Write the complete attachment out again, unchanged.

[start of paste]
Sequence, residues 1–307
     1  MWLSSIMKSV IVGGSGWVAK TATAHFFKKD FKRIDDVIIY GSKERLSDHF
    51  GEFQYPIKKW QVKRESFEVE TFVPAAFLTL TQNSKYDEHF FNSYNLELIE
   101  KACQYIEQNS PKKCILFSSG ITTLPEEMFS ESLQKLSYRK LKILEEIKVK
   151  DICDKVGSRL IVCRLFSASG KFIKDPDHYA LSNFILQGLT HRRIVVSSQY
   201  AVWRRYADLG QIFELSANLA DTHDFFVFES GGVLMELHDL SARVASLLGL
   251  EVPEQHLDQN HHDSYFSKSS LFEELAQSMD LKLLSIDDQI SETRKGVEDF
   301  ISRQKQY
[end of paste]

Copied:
Sequence, residues 1–307
     1  MWLSSIMKSV IVGGSGWVAK TATAHFFKKD FKRIDDVIIY GSKERLSDHF
    51  GEFQYPIKKW QVKRESFEVE TFVPAAFLTL TQNSKYDEHF FNSYNLELIE
   101  KACQYIEQNS PKKCILFSSG ITTLPEEMFS ESLQKLSYRK LKILEEIKVK
   151  DICDKVGSRL IVCRLFSASG KFIKDPDHYA LSNFILQGLT HRRIVVSSQY
   201  AVWRRYADLG QIFELSANLA DTHDFFVFES GGVLMELHDL SARVASLLGL
   251  EVPEQHLDQN HHDSYFSKSS LFEELAQSMD LKLLSIDDQI SETRKGVEDF
   301  ISRQKQY